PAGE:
Unions, associations or whatever we choose to call them - bargaining agents - aren't going anywhere soon; although I would be quite happy if they limited themselves to collective bargaining and protection of employee rights.  Some professional regulatory bodies might have union/association members on disciplinary bodies, but I am not familiar with them.  I can assure you it does not happen in law enforcement.  Discipline is the prerogative of management/command.
 

Brad Sallows

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Unions representing and protecting righteous members is not a problem.  Unions that have acquired the power to protect unrighteous members is a problem.  Where the power to protect abusive police from consequences exists, it must be removed.  Details are up to the employer (city, province) and the force.  People just want it done.  Judging by the tone on the streets, they don't want to hear excuses.
 

mariomike

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Brad Sallows said:
Unions that have acquired the power to protect unrighteous members is a problem. 

I was in the same local just shy of 37 years. The way it worked was if the department and the union could not come to an agreement, it went to binding arbitrator.

The decision of the arbitrator was final, and that was that.

The union doesn't always make a grievance. They'll send a rep to hold your hand. But, that's it.
 

Furniture

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lenaitch said:
  Discipline is the prerogative of management/command.

It should also be public. Justice must not only be done, it must also be seen to be done.

People lose faith when they hear Officer X was "disciplined", but the punishment is an "internal" matter. To Joe/Jane public that sounds a lot like, Officer X got a scolding(possibly stern), and is back on the job.

Police, and the military tend to circle the wagons, and try to protect the institution. In the end it erodes the public's faith in the very institutions that are there to protect it.
 

lenaitch

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Furniture said:
It should also be public. Justice must not only be done, it must also be seen to be done.

People lose faith when they hear Officer X was "disciplined", but the punishment is an "internal" matter. To Joe/Jane public that sounds a lot like, Officer X got a scolding(possibly stern), and is back on the job.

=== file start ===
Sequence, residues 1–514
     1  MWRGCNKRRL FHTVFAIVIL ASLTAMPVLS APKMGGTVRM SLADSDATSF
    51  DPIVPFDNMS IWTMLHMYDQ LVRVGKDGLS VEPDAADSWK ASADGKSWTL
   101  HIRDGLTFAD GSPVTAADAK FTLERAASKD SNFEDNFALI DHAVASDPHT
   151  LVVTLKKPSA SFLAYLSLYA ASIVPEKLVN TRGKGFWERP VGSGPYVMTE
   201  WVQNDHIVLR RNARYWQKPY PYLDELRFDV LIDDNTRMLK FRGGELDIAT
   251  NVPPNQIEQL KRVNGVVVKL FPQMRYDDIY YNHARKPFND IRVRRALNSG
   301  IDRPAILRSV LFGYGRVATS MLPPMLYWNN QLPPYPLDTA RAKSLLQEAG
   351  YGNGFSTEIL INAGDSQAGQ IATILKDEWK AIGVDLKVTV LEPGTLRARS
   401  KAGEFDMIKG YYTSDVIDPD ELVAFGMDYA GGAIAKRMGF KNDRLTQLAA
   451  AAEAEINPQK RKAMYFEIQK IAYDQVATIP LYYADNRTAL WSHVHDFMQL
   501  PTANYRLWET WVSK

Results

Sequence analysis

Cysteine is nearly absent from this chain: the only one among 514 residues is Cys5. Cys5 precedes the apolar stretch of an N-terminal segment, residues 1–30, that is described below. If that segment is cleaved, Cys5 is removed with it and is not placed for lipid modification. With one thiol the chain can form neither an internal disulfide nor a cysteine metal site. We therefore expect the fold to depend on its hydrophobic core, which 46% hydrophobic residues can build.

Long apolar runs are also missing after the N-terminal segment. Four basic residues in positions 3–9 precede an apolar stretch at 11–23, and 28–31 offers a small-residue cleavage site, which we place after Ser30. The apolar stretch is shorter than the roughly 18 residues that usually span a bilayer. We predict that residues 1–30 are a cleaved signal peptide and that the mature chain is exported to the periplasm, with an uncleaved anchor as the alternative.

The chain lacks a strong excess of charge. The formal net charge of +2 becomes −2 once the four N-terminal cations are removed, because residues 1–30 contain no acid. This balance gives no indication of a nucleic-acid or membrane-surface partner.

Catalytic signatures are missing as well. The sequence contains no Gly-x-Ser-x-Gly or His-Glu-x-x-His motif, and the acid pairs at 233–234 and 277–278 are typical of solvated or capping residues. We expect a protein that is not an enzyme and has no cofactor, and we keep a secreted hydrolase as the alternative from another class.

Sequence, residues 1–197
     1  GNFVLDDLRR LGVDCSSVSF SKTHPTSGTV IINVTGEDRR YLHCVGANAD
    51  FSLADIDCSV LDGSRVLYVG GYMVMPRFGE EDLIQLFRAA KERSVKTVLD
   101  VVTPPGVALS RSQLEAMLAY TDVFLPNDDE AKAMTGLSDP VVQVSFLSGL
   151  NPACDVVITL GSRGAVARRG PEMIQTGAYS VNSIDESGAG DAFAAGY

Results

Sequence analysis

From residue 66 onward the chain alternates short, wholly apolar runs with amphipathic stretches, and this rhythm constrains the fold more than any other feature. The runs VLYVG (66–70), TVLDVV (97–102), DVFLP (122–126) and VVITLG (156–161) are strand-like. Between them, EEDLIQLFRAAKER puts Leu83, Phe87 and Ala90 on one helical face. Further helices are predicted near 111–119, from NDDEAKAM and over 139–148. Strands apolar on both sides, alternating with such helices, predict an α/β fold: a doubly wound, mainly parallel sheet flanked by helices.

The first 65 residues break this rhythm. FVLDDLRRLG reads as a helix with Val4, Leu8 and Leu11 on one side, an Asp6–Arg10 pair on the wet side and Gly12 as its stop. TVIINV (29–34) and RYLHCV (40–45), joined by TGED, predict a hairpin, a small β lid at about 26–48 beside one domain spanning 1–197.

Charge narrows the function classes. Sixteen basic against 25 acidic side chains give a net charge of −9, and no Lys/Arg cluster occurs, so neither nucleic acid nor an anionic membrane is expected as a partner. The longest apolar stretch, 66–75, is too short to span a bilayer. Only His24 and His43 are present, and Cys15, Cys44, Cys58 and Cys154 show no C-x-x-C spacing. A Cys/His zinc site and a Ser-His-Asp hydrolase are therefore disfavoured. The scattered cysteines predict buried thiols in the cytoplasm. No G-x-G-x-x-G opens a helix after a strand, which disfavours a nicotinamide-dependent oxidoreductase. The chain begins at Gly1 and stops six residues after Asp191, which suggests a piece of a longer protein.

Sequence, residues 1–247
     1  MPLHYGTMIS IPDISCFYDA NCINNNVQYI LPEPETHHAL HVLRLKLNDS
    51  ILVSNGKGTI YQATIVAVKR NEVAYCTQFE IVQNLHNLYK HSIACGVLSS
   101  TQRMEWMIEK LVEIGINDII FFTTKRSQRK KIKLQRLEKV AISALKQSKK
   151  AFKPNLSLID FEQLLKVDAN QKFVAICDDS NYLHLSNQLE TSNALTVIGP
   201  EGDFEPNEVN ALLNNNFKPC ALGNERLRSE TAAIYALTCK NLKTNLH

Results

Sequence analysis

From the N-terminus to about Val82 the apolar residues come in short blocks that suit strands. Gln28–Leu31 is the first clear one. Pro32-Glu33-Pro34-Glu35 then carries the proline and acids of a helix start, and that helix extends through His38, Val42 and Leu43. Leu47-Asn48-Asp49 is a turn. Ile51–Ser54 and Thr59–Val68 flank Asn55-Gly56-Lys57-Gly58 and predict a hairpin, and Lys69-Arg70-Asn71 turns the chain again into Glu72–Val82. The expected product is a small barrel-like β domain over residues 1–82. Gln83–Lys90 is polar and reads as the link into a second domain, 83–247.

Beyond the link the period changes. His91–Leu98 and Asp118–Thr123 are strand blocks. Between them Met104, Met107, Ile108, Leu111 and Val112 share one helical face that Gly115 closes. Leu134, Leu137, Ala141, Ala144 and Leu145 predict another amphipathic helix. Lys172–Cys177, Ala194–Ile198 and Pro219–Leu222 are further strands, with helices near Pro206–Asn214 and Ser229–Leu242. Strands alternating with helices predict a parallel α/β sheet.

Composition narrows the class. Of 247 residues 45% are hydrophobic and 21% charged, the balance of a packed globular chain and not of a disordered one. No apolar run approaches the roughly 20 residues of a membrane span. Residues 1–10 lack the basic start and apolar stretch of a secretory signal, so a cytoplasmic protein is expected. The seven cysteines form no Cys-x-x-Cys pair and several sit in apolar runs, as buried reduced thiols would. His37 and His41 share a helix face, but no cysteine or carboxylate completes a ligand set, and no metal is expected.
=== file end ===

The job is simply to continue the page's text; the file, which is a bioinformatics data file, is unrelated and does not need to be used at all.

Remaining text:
Police, and the military tend to circle the wagons, and try to protect the institution. In the end it erodes the public's faith in the very institutions that are there to protect it.

At the end of the day, discipline is an employer-employee relations matter, notwithstanding that it is a police officer, member of the military or Walmart employee.  That is why they are adjudicated by a representative of the employer, not the State.  Under the Police Services Act (Ontario), there is a Code of Offences that, if found in violation, a member can receive a letter of censure on file all the way up to an ordered dismissal.  Matters can be resolved informally or all the way up to a hearing.  Hearings are open to the public. Serious matters often accompany a Criminal Code charge (or sometimes the appropriate provincial statute such as the Highway Traffic Act).  Those, of course, are open to the public as well.
 

dapaterson

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Walmart employees are not entrusted with weapons nor appointed as peace officers.  And CAF disciplinary records are available to the public - court martial findings are posted, and summary trials results can be requested as well.  If it's feasible for the CAF, why not for police forces?

Disciplinary actions for peace officers and public officers should be matters of public record.

Don't like it?  Don't be one.  But if you want a salary paid by the public, your conduct and related sanctions should be matters of public record.
 

Jarnhamar

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lenaitch said:
can receive a letter of censure on file all the way up to an ordered dismissal. 
And how often do ordered dismissals happen?

Toronto cop earned $1M over 12 year suspension
Const. Ioan-Florin Floria, who has been off the job since he was nabbed in a big drug sweep in 2007, earned over $300,000 in salary over the past three years and has been taking home a regular paycheque for the past 12 years, without even clocking in for a shift.

Floria is one of 20 Toronto police officers currently on paid suspension, according to data obtained by CityNews through a Freedom of Information request.
https://toronto.citynews.ca/2019/05/06/exclusive-toronto-officer-suspension/
 

Kat Stevens

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Jarnhamar said:
And how often do ordered dismissals happen?

Toronto cop earned $1M over 12 year suspension
Const. Ioan-Florin Floria, who has been off the job since he was nabbed in a big drug sweep in 2007, earned over $300,000 in salary over the past three years and has been taking home a regular paycheque for the past 12 years, without even clocking in for a shift.

Floria is one of 20 Toronto police officers currently on paid suspension, according to data obtained by CityNews through a Freedom of Information request.
https://toronto.citynews.ca/2019/05/06/exclusive-toronto-officer-suspension/


Now that’s a union !!
 

Bruce Monkhouse